The heart of our ministry is people
The heart of our ministry is people
It is people that God created for eternal purposes. It is people that He died on the cross for so that our sins could be forgiven. It is people that God loves with an indistinguishable love. While the world pursues things and bank accounts and properties and fame, God and His people pursue people. Stuff will not outlast our world but every human being has an eternal destiny – either with God or without him.
Most of you, like me, are just “ordinary workers” to quote my son. We are not people of great resources or wealth. We have average jobs and income. We are not famous or well known. But all of us have the one thing that we need to make ripples for Christ – we are surrounded by the very people He wants us to influence.
Two critical skills
Our world is desperate for love. In order to ripple like Jesus wants us to we need to develop two skills that Jesus had. The first skill is to see people as Jesus saw them. Hundreds of people would trail after Jesus and the disciples and in their exhaustion would often see those people as “irritants. Jesus on the other hand, saw them as “sheep without a shepherd, looking for love and answers.
When Mary Ann first came to the High School as the student nurse she would see kids like the disciples did, “bad kids,” “troubled kids,” with a bit of judgement. God changed her as she got to know the bad and troubled kids and now sees them as hurting kids with a lot of pain. That is the difference perspective we need to develop if we are going to ripple on those around us.
The second skill we need to learn is to love people like Jesus loved them. He met their needs, He expressed compassion, He came with an attitude of grace rather than judgment, He befriended the sinner, the prostitute, the leper, the outcast. His ministry was actually more on skid row than on easy street. The reason that bad or poor or marginalized people responded to him was that he offered love rather than judgment, grace rather than condemnation and hope rather than life as it was.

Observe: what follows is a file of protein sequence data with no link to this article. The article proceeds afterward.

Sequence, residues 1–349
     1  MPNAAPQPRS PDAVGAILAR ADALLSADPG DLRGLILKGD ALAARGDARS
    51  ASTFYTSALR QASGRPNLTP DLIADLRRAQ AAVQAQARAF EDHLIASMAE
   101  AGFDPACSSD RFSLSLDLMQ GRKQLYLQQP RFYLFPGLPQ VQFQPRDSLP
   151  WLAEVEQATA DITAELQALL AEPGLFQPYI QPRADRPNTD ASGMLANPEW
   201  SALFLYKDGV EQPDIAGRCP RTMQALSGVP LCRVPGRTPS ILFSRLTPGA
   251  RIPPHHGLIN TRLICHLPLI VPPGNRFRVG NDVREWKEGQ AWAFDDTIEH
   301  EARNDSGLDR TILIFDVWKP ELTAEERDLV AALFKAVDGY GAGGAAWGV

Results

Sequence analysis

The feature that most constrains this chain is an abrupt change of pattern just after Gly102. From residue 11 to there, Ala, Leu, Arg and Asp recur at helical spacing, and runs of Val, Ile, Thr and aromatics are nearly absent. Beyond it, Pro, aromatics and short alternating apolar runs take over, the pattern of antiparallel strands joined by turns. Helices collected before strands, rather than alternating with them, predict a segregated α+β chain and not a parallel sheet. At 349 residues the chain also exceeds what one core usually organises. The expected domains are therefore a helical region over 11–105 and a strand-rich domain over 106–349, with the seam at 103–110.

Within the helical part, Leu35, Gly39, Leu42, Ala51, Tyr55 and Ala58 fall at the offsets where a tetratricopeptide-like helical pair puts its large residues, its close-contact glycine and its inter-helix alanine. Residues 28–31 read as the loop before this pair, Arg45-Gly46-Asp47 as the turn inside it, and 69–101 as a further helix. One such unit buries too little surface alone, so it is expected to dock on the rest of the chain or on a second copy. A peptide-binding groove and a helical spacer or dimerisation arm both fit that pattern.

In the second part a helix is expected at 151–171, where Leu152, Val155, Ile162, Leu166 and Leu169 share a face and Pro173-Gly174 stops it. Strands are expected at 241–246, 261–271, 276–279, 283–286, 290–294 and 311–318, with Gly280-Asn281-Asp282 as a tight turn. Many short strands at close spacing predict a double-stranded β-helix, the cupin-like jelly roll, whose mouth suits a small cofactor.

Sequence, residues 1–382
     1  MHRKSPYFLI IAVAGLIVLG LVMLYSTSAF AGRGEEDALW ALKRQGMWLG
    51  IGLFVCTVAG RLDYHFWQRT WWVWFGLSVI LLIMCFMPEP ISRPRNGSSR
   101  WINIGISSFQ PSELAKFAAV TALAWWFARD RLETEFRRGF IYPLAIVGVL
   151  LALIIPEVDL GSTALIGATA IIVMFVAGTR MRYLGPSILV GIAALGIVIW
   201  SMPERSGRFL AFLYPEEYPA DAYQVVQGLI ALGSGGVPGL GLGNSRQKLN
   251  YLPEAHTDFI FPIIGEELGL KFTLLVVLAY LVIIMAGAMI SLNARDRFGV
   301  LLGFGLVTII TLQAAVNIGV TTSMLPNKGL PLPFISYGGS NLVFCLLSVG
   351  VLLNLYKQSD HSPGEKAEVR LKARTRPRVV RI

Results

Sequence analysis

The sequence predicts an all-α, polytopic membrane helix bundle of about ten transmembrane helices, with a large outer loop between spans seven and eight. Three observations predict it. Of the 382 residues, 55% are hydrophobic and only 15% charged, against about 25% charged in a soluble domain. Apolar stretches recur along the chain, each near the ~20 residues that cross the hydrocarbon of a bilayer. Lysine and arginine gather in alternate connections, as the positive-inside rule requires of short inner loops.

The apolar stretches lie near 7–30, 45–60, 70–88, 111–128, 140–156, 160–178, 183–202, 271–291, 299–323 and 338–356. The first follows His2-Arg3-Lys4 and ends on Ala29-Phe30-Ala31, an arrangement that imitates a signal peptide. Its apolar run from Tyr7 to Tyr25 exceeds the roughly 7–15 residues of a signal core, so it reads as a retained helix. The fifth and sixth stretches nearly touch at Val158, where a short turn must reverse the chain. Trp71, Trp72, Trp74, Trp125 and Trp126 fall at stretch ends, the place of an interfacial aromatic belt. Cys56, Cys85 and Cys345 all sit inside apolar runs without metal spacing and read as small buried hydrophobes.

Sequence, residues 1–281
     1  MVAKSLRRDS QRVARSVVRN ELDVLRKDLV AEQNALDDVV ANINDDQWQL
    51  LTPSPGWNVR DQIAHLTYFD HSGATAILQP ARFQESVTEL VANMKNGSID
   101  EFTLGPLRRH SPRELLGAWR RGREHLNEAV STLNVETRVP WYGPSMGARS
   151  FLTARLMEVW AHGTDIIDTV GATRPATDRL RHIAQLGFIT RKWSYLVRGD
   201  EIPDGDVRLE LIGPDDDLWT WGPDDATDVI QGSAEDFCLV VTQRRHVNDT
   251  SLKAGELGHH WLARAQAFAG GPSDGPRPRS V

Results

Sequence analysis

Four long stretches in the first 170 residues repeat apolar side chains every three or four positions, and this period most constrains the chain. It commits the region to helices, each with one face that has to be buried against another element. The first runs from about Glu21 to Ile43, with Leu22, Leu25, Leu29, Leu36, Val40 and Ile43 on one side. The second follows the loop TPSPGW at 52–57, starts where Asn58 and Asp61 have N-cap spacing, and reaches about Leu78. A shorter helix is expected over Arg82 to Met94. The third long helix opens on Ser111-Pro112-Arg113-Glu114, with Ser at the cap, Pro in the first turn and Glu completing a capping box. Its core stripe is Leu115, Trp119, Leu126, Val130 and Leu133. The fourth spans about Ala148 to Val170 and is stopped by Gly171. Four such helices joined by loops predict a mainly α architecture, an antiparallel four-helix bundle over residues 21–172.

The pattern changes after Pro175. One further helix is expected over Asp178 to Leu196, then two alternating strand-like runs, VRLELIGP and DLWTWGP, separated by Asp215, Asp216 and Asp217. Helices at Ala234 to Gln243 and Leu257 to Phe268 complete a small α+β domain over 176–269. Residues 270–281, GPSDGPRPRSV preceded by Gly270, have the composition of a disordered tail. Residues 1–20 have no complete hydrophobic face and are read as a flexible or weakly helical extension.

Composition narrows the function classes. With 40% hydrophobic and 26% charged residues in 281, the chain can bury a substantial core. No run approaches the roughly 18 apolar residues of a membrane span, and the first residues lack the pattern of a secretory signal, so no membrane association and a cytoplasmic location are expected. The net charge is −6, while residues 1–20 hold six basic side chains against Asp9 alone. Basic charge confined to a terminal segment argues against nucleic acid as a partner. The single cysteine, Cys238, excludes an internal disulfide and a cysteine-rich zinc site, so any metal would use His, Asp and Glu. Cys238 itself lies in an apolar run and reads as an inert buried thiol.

Ripple in your sphere of influence
Each of us has a unique sphere of influence. One of my friends, because of his profession runs in economic and political circles I will never be a part of. God has uniquely placed him there to ripple on people most of the rest of us cannot influence.
My sphere of influence is largely within the church community around the world. My responsibility is to have as much influence for Christ in those circles that I possibly can – using the gifts God has given me.
When you think about it, God has placed each of us in a sphere of influence that is unique to us and the opportunity we have is an opportunity others don’t have. It may be your neighborhood, place of employment, economic circle or any number of unique circumstances. When we all are intentional about rippling in our sphere of influence – that is when the church has influence.When all we do is ripple on fellow believers in the church, the church has little influence outside its own walls.